This chart shows the anticipated growth rate for purchases of explosives, weapons and contraband (EWC) detection solutions in the rail market.
Photo credit: (Graphic courtesy IHS)
A pair of suicide bombings that occurred earlier this week in Volgograd, Russia, have stoked security fears across the country just weeks ahead of the 2014 Winter Olympics that are scheduled to be held in Sochi in February. The bombings, which targeted a bus and rail station, claimed the lives of more than 30 people.
According to market research firm IHS, the bombings have refocused attention on the vulnerabilities of mass transit and rail infrastructure in particular. A recent report from the firm found that purchases of explosives, weapons and contraband (EWC) detection equipment at rail stations worldwide is expected to increase by 3.3 percent in 2014 and 8.8 percent in 2015. A large portion of this growth is expected to be driven by rail expansion projects in Asia.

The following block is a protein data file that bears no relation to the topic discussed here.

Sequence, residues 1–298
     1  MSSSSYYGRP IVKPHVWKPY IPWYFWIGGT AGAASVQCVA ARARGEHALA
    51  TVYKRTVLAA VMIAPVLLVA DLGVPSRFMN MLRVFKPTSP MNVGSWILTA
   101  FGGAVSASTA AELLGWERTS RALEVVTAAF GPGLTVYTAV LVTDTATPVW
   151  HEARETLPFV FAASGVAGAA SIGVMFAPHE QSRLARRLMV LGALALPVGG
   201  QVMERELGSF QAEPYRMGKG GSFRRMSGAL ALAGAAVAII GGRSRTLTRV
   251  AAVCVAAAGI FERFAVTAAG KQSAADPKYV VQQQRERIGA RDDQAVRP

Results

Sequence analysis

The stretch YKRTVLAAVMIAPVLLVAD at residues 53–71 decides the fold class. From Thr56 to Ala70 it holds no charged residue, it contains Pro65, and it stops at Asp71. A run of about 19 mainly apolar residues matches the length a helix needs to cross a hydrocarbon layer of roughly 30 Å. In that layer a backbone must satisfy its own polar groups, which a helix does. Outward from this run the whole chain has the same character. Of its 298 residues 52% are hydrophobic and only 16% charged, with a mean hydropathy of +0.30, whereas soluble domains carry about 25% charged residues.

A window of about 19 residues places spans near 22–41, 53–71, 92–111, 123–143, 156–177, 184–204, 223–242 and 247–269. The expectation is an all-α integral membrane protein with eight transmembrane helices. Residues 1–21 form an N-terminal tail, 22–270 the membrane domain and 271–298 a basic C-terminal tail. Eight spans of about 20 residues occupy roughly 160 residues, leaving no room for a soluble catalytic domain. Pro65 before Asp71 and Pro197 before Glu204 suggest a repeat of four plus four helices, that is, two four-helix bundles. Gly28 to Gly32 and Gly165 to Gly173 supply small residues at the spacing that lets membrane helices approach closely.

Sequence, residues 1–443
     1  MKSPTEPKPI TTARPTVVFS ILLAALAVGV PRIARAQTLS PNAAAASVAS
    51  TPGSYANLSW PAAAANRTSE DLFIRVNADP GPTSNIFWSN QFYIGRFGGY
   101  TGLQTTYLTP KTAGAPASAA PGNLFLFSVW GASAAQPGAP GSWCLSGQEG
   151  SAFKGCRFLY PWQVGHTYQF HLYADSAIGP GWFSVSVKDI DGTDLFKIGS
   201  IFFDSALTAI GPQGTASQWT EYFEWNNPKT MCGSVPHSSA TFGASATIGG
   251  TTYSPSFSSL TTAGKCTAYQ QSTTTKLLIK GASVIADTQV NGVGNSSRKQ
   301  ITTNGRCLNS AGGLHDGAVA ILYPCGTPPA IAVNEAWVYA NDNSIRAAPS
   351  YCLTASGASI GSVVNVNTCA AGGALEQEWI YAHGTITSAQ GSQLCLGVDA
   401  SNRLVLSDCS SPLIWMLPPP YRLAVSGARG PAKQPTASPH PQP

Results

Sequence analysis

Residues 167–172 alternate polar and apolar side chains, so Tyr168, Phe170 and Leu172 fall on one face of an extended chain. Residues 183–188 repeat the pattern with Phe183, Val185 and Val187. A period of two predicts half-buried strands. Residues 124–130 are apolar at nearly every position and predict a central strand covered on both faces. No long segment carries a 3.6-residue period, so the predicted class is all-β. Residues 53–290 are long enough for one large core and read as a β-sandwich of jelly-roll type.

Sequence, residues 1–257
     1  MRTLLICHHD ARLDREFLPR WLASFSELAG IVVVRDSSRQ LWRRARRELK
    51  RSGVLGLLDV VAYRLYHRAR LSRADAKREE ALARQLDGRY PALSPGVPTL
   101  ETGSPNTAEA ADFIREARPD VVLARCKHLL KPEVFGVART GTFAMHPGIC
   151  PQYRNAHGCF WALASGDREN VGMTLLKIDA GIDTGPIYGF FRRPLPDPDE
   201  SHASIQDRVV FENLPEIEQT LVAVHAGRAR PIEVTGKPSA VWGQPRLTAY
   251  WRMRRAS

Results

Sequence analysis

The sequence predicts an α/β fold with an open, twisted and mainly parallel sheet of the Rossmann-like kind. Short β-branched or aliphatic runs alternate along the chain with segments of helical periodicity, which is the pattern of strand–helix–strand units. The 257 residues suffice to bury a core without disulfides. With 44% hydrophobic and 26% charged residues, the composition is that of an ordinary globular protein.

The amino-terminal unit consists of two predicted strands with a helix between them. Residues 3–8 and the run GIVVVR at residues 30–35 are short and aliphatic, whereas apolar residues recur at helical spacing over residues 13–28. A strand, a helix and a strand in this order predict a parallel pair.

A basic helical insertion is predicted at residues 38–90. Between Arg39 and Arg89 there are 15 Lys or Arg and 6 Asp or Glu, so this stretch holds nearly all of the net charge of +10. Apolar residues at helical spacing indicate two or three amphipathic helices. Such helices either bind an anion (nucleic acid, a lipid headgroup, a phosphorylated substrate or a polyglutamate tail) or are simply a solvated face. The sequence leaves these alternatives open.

“Rail travel varies greatly by city, country, and region giving way to varying degrees of security. Unlike air travel, where all passengers and baggage is scanned for EWC, rail travel is not conducive to the same type of security measures. First, many passenger use rail services as their primary mode of transportation and depend on the easy access and convenience that rail transportation offers. Second, many rail stations have higher passenger volumes than airports. For example, in 2013 Atlanta’s Hartsfield-Jackson International Airport had 71.1 million passengers, whereas Tokyo’s Shinjuku Station had 1.26 billion passengers,” noted Jared Bickenbach, analyst for access control, fire and security at IHS.
Ahead of the Sochi games, Bickenbach said that NATO and Russia started work on the Stand-Off Detection of Explosives (STANDEX) system, which was tested at several European rail stations and is expected to be deployed during the 2014 Winter Olympics.
“Overall, the use of explosives detection equipment remains limited at rail stations; however, this is beginning to change as attacks on rail infrastructure continue, added Bickenbach. “The developments of new technologies that meet the unique security needs of the rail industry are expected to drive future growth in the market.”